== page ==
The first chapter is an essential introduction to getting involved in the Joomla! open source community through JoomlaCode.org. James explains how to create a new project and manage that project. The chapter concludes by explaining the use of TortoiseSVN for managing the source code of your project. I found that the explanation of the top-level folder structure and the use of branches within SVN was particularly illuminating.

The next two chapters provide further general background: chapter two provides recipes to ensure your extensions remain secure and chapter three describes how to work with the database. While James does not explain the underlying security issues (e.g. he does not describe what SQL injection is and why it may comprise security), the recipes provided (that address keeping your SQL safe, ensuring filenames and folders are safe and that you ensure that request data does not pose a threat) are easy to follow and I was able to work out why they should be used. The chapter on Working with the Database explains how to construct and execute SQL queries and the use of the Joomla!-specific JTable object. While I am familiar with working with SQL, this chapter was an eye-opener to me as it shows very clearly how working with the database under the Joomla! framework is different from conventional approaches, and how the JTable object makes it very easy to manipulate the database.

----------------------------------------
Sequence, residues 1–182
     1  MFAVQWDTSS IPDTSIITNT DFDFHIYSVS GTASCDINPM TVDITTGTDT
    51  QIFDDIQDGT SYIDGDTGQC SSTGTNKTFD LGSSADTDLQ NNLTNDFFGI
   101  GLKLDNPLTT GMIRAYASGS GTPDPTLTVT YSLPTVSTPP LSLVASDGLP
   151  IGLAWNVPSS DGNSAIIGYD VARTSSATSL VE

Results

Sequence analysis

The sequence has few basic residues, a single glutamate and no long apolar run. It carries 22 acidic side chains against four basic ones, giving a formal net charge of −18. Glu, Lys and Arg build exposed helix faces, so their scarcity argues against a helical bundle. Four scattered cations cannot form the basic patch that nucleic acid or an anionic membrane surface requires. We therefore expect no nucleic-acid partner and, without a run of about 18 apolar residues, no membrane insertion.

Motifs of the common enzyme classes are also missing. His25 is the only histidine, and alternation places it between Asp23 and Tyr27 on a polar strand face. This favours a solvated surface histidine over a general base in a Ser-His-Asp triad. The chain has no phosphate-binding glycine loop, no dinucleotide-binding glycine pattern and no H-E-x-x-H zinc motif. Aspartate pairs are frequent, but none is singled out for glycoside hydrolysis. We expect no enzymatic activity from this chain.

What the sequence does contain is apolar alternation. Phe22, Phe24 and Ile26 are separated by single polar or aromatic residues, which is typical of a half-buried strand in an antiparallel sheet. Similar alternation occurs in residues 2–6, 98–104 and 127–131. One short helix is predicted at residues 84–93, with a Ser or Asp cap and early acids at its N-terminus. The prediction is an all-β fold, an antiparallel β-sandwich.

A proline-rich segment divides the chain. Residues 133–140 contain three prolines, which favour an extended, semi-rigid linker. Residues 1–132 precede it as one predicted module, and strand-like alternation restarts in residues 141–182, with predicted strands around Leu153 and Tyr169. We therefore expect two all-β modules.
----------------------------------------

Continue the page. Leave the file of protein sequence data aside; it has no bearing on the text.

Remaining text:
The remaining chapters of the book each focus in on a particular area. James covers the following topics: "The Session and the User", "Multilingual Recipes", "Interaction and Styling", "Customizing the Document", "Customizing the Backend", "Keeping it Extensible and Modular", "JObjects and Arrays", "Error Handling and Reporting", "Files and Folders".